We must build back better after Cyclone Amphan

Comment: A large-scale evacuation saved lives, but the threat of coronavirus looms in crowded cyclone shelters and repairing the damage will cost billions of dollars

A fallen tree and damaged housing in Kolkata, India after Cyclone Amphan passed through (Pic: Santanupyne/Wikimedia Commons)


It is a few hours after Cyclone Amphan hit India and Bangladesh and sitting in Dhaka we are still getting new information on the devastation it has caused. It will be many days before the full extent of the loss and damage can be assessed. 

These are some initial reflections on the links between the cyclone, the deadly coronavirus pandemic and climate change.

Cyclone Amphan was a slow-moving event that sat over the Bay of Bengal for several days, during which time it gathered strength due to the elevated sea surface temperature in the Bay.

At one stage it was declared as a category 5 super cyclone, the highest category ever seen in the Bay. This was happening as scientists who study cyclones, hurricanes and typhoons published research showing that elevated global atmospheric as well as sea surface temperatures due to human-caused climate change were causing the intensity of these events to increase. Cyclone Amphan certainly bears out the study.

By the time cyclone Amphan hit the states of West Bengal and Odisha in India, it had been reduced to a category 3 storm.

In southeastern Bangladesh, there were fears for the million or so Rohingya refugees living in flimsy huts, but fortunately those camps were spared the worst of the cyclone. In the southwest, the Sundarbans mangrove forest bore the brunt of high winds, offering some protection to the settlements further inland.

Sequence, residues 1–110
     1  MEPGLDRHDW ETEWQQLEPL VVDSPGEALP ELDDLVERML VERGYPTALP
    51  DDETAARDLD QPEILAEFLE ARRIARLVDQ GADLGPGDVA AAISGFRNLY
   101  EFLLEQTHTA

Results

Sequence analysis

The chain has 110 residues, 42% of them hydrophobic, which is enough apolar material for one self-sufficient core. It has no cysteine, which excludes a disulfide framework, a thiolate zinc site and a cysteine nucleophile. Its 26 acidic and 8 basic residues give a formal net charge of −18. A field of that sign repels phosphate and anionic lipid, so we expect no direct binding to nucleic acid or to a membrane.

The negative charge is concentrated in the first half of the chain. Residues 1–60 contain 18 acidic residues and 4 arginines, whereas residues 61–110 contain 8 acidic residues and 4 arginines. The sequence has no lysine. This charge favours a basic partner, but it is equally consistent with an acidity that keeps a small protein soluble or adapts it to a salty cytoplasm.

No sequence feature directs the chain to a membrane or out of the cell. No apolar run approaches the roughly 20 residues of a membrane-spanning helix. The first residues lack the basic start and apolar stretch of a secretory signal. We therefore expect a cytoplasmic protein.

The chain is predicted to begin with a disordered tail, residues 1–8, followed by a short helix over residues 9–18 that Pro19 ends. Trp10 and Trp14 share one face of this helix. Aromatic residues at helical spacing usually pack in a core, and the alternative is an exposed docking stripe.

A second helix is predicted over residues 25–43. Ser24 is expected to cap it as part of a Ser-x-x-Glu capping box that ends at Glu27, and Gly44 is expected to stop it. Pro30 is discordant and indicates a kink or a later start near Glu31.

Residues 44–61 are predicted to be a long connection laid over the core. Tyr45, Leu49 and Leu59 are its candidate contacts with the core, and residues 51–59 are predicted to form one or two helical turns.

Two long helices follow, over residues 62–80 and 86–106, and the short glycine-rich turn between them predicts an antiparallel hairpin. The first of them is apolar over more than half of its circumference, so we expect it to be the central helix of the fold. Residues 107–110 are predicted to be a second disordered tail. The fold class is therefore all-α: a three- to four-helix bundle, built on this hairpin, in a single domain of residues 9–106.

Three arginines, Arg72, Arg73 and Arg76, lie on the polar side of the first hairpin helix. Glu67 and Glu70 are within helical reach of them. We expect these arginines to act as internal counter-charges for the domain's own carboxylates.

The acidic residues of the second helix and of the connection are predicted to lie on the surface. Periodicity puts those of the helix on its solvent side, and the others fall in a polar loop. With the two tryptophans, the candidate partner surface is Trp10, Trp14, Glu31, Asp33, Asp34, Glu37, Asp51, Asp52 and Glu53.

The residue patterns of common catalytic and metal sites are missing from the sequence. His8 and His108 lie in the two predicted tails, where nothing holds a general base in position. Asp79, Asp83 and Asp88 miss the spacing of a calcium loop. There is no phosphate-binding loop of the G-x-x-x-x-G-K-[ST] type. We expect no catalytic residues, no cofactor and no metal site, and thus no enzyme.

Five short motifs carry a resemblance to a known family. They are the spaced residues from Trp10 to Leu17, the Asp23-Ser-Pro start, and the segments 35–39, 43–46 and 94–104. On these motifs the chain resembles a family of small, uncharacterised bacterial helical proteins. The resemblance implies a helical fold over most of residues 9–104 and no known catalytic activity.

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Nevertheless, the strong winds and tidal waves, coinciding with the high tide, caused extensive damage to buildings, embankments, roads, trees and crops.

Cyclones of such magnitude in the past have killed tens of thousands of people.

Thanks to improvements in early warning and disaster response systems in India and Bangladesh, the loss of life this time has been limited. The authorities, NGOs and Red Cross and Red Crescent volunteers made an amazing effort to get most of the vulnerable population to safety. In Bangladesh, over 2.4 million people were evacuated and around a dozen deaths have been reported.

However, the evacuees face an increased risk of catching Covid-19, as it is almost impossible to maintain social distancing measures in crowded cyclone shelters.

When they are able to return home, it will take billions of dollars to rebuild their communities.

These economic losses are extremely debilitating for poor countries like Bangladesh and India. They will require significant support from the global community to help the recovery.

As we enter the recovery phase, the rebuilding effort must combine disaster risk reduction, enhanced public health infrastructure and adaptation to climate change.

The governments of the states of West Bengal and Odisha in India as well as Bangladesh have a history of tackling such calamities and learning lessons from each other, in a whole-of-society approach.

I am confident that we will once again improve our collective ability to deal with the super cyclones and pandemics that are now inevitable under a climate changed world.

Saleemul Huq is the director of the International Centre for Climate Change and Development at the Independent University, Bangladesh.

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